It happened again last night. I was rushing around between cities and airports in Europe, and realized I did not have directions for a house where I had an appointment. I decided to call the people I was visiting, and found that the cell phone in my pocket was not my regular one. It had very different features, and I could not initially figure out how to make the call. When I finally reached my destination, I glanced in a mirror and saw a different face looking back of me – that of a handsome young man in his twenties with lustrous curling black hair.
The face in the mirror woke me up to the fact that I was dreaming and not in Kansas any more. I stayed lucid for a while inside the dream scene, then got out of bed to make sure I did not lose a mass of details, place names and personal names that are only dimly familiar to me in waking life, when familiar at all. I’ll be doing some detective work with these clues in the effort to understand why I assumed this young man’s identity and body form in the dream.
For many dreamers, it’s a classic moment of dawning lucidity and self-awareness: to look in a mirror and see a different self. I’ve been doing this, off and on, for as long as I can remember. Glancing through old journals just now, I notice a series of dreams I recorded over a period of nine months some twenty years ago in which I seemed to be in the body of a vigorous black man with dreadlocks. Again, I first noticed that I was in a different dream body when I glanced in a mirror.
Sometimes we find ourselves in the life situations and apparently the bodies of people living in other times, past or future. We may have entered the experience of our ancestors, or may be inside a “past” life or “future” life.
I once dreamed I was in a Hall of Mirrors where I was able to look at the features of fourteen different selves, living in different times. These fourteen selves were revealed in mirrors of different types, arranged around a a great stone bowl containing water whose mirror-bright surface, illuminated by light from above, showed me a central identity.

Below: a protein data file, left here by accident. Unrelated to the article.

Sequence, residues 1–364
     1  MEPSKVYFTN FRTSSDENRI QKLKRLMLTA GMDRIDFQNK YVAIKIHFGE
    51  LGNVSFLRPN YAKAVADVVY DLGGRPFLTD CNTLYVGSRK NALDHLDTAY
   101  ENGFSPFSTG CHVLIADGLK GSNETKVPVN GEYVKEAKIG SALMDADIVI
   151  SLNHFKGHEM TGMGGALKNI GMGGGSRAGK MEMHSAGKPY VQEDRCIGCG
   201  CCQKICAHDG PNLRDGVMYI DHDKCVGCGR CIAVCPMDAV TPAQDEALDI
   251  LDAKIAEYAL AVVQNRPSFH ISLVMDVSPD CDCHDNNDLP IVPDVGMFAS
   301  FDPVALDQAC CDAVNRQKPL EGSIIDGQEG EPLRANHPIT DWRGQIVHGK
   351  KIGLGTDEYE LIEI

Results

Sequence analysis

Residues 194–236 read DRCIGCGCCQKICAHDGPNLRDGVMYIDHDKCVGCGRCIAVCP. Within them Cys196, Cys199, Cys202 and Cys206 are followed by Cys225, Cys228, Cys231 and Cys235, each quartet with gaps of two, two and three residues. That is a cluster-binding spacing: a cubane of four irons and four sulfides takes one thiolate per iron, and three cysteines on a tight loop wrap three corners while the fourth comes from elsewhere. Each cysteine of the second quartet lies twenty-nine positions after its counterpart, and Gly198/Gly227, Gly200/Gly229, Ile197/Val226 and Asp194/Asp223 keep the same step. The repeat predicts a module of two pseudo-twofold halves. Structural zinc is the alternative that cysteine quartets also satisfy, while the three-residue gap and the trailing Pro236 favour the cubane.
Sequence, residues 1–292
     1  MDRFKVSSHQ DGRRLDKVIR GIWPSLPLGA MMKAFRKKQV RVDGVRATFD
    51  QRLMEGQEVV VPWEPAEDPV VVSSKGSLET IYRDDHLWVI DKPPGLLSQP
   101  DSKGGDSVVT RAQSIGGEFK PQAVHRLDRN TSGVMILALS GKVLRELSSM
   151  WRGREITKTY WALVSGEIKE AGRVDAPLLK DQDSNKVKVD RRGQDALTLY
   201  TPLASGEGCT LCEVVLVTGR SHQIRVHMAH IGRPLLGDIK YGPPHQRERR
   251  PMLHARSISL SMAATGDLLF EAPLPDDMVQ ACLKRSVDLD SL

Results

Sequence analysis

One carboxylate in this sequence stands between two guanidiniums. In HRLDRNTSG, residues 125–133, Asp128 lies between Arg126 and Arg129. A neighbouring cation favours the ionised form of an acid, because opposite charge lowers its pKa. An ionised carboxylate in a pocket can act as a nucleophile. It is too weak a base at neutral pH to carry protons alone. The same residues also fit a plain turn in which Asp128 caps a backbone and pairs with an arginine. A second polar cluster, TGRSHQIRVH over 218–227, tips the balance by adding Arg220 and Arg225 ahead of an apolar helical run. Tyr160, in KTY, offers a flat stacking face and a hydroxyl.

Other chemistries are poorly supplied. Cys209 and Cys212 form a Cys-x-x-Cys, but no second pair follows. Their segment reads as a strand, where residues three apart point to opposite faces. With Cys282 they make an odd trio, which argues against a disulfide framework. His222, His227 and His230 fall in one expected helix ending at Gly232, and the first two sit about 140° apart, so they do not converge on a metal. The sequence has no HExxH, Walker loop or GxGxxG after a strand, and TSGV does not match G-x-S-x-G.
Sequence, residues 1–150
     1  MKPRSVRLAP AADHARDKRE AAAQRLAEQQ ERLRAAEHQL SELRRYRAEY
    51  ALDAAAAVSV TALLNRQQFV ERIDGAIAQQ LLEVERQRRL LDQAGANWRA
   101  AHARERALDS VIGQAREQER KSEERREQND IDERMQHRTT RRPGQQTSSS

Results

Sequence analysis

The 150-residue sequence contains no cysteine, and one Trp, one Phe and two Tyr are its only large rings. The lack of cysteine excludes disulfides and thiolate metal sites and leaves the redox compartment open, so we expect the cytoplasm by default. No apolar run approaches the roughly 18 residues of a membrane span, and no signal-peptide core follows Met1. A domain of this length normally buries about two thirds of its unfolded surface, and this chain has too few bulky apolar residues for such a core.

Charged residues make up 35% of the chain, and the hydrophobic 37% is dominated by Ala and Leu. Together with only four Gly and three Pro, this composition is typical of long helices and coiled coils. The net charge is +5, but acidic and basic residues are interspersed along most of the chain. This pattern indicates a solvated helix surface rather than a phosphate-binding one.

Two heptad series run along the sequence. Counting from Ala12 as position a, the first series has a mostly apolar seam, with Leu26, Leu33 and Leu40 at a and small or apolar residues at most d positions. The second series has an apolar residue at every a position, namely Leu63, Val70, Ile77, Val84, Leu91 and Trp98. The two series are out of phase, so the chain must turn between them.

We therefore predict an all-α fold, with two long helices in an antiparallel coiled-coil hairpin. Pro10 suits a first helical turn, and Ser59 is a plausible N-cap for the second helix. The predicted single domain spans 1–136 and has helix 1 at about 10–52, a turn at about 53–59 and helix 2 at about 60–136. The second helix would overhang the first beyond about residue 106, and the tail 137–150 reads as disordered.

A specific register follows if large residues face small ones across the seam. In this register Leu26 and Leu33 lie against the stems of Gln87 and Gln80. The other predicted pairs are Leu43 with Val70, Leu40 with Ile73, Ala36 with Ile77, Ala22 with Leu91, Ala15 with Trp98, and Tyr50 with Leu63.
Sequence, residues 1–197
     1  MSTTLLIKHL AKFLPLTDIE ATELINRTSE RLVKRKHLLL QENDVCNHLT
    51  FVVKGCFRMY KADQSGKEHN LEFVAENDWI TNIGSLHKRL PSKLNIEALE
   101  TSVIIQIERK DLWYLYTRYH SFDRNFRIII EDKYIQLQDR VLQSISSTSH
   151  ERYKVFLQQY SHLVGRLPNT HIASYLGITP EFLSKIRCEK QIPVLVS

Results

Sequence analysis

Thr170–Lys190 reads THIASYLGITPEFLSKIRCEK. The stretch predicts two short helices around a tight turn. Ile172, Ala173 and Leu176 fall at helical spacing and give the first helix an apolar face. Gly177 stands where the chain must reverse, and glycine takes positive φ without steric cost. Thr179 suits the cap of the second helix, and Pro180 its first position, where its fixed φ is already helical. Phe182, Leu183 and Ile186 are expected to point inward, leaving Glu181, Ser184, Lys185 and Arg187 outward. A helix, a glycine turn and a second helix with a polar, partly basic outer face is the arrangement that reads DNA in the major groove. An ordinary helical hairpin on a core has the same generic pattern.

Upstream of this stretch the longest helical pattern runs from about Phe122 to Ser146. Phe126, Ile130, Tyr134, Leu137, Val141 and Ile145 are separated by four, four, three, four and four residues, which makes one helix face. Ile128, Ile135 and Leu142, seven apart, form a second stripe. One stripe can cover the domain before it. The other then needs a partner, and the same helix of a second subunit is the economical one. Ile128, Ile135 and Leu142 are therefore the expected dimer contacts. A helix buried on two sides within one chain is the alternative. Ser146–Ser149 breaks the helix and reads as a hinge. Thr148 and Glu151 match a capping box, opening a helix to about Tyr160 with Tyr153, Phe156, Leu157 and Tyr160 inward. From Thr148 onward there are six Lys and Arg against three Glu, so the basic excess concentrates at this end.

I’ve had “body-hopping” dreams in which I’ve found myself briefly jumping from one personality to another. I remember a very vivid and sensory night of lucid dreaming in which I slipped into the body of a black basketball player (fun but edgy), then into that of a prosperous Midwest golfer (boring!) and at last into that of an eccentric independent scholar who appeared to be an older version of my present self (delightful, but I felt the pain or his aging joints).
Dreams in which we enter the situation of someone very different can expand our humanity.
Body-hopping is a common feature of psychic dreaming. The most gifted psychic dreamer routinely finds herself inside heads, and looking through the eyes, of a wide variety of characters, some of whom turn out to be principals in news stories and crime dramas that become public knowledge only after her dreams.
Slipping into another person’s perspective in this way is very common among siblings and other relatives in close-knit families. There’s a need here to pause and ask both (1) what part of me is like my sister/daughter/nephew and (2) have I entered the situation of that relative so I’m seeing something – maybe of the future – that they may need to know? Let’s never forget that because dreams are multi-layered and because our dream memories reflect experience in realities that have different physics from our everyday world, several orders of explanation may be relevant and are not mutually exclusive.
Sometimes there is the sense, as in the old TV series “Quantum Leap,” that we have been catapulted into the life of another person at a moment of crisis, on assignment to help that individual make the right choice and “put right what once went wrong” (in the words of the scriptwriters). I once dreamed that in order to save a young woman from being raped, I needed to enter the mind of a strong man in her town who could put her would-be attacker to flight.
Experiences of this kind may lead us to speculate about our relations with counterparts in different places and times within our soul families. Joan Grant and others who knew what they were talking about have suggested that some of us may have several soul siblings living in our current world. These are aspects of a shared identity that fragmented somewhere in our previous history, so that we are reborn not just as one person, but as several. I’m an agnostic on this theory, keen to study as much data as possible from the only source that counts: first-hand experience.